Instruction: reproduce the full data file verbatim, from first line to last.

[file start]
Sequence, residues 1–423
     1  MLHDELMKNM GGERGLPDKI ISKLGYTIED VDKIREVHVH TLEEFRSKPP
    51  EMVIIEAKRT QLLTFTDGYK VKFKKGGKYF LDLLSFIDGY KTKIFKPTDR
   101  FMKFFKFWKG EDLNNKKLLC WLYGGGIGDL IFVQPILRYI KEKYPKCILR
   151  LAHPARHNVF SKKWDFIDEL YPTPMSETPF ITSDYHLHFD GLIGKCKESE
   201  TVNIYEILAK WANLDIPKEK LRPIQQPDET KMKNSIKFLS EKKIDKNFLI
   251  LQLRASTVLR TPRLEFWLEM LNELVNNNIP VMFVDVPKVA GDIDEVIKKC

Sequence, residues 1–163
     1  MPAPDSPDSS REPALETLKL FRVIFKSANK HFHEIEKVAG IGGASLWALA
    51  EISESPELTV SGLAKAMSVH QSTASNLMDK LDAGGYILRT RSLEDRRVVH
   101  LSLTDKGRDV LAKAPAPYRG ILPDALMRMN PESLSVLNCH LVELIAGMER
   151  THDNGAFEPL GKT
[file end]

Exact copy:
Sequence, residues 1–423
     1  MLHDELMKNM GGERGLPDKI ISKLGYTIED VDKIREVHVH TLEEFRSKPP
    51  EMVIIEAKRT QLLTFTDGYK VKFKKGGKYF LDLLSFIDGY KTKIFKPTDR
   101  FMKFFKFWKG EDLNNKKLLC WLYGGGIGDL IFVQPILRYI KEKYPKCILR
   151  LAHPARHNVF SKKWDFIDEL YPTPMSETPF ITSDYHLHFD GLIGKCKESE
   201  TVNIYEILAK WANLDIPKEK LRPIQQPDET KMKNSIKFLS EKKIDKNFLI
   251  LQLRASTVLR TPRLEFWLEM LNELVNNNIP VMFVDVPKVA GDIDEVIKKC

Sequence, residues 1–163
     1  MPAPDSPDSS REPALETLKL FRVIFKSANK HFHEIEKVAG IGGASLWALA
    51  EISESPELTV SGLAKAMSVH QSTASNLMDK LDAGGYILRT RSLEDRRVVH
   101  LSLTDKGRDV LAKAPAPYRG ILPDALMRMN PESLSVLNCH LVELIAGMER
   151  THDNGAFEPL GKT